How To Mic A Guitar Amp: Different Techniques Of Mic-Ing Up The Guitar Amp

how to mic a guitar amp

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Have you recently incorporated a guitar amp in your guitar rig, but don’t know how to mic a guitar amp? If so, then don’t worry because it’s easier than you may think. 

Mic-ing a guitar amp involves setting it in a way that perfectly captures the essence of the guitarist’s feel, the sound of the room, and the fullness of the sound of the amp. Find a mic position that best represents the amp’s sound and creates the tone you want to hear.

In this article, you’ll get to know all about mic-ing guitar amps, how to mic a guitar amp, why do you mic a guitar amp, where to place mic on guitar amp, and important tips to remember when mic-ing up a guitar amp among others. Continue reading to get all the answers you’re looking for.

Mic your guitar amp

Technology has evolved to the point where creating a wonderful track is possible by anyone if they have a PC, recording software, and a recording device like a portable audio interface. But back in the day, these elements didn’t exist. For creating a great-sounding song, you’d require a professional studio where you’d utilize quality mics for recording instruments.

For such situations, questions like why do you mic a guitar amp and how to mic a guitar amp commonly arise. You’ll need to mic a guitar amp so that you can perfectly capture the essence of the guitarist’s feel and the sound of the room where the music is recorded. Lastly, you should also be able to capture the fullness of the sound that the amp is providing. For getting the best sound, it’ll be important to have the right mic, the right placement, and the right recording technique.

Why do you mic a guitar amp?

In the glory days of rock music, guitarists and engineers used to spend hours dialing in the right amp settings. All this while getting the appropriate mics and placing them in different positions. It was done so that the guitarist could capture the unique sound for enhancing the sound being produced. It’ll be important to understand that there isn’t a right way of doing this. Instead, you should understand that the guitar’s sound needs to serve the song properly and not the other way around.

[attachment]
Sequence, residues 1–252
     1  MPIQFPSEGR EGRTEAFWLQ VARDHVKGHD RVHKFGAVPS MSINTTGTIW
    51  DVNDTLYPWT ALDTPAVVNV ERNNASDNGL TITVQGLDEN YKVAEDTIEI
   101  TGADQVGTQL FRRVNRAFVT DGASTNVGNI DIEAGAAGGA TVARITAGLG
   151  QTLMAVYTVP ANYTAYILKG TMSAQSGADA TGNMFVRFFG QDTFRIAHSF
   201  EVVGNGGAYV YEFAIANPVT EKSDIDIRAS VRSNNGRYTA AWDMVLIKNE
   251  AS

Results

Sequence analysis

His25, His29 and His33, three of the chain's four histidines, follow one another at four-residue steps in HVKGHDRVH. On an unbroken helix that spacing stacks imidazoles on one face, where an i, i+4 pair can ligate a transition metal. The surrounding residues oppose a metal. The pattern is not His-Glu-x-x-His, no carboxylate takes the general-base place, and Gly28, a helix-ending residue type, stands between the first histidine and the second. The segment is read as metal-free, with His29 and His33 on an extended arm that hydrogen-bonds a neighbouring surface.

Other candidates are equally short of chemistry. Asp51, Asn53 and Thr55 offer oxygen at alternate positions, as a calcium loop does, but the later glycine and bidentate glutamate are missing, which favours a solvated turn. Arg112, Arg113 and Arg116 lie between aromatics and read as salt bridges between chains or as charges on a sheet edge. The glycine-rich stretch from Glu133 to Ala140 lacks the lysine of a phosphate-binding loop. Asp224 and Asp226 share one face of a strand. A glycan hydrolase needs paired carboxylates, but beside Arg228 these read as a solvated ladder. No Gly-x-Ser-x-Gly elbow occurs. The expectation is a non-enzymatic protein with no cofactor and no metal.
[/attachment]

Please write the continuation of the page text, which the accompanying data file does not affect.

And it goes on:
Another key aspect of why do you mic a guitar amp is because the mics are designed for capturing frequencies from all over the spectrum. An untampered human ear can perceive frequencies between 20Hz and 20,000Hz. A decent quality mic can capture the main frequencies a guitar has in its overtones, giving you the richest-possible sound courtesy of the guitar. Additionally, there are live performances as well. Mic-ing amps in live situations will allow you to have more control over the balance of the instruments being used.

In live performances, where the instruments are mic’d up, they’re sent to a set of speakers. This will be the main output source for the listeners. This will hold specifically true for stadiums and big arenas. In such areas, it can be impossible to crank the amp up.

Different types of microphones for recording a guitar amp

Dynamic microphones

The first thing that you’ll need to understand about dynamic mics is that they aren’t sensitive to sound. This makes them ideal for loud sources like guitar/bass pedals, snare drums, and toms. They’re quite resistant as well and can easily handle bumps and bruises. They’re also among the cheaper options, which is a big plus point.

An important thing to know about mics is their polar pattern. A mic’s polar pattern will dictate how a mic will capture sound and from which directions it’ll reject sound. Dynamic mics have a unidirectional polar pattern (commonly known as cardioid). This means that a dynamic mic can only capture the sound that it’s pointed towards, while rejecting everything else. This will make it an ideal mic for live performance situations and small home studios. In such situations, all sorts of unwanted sounds could mess with what you’re recording.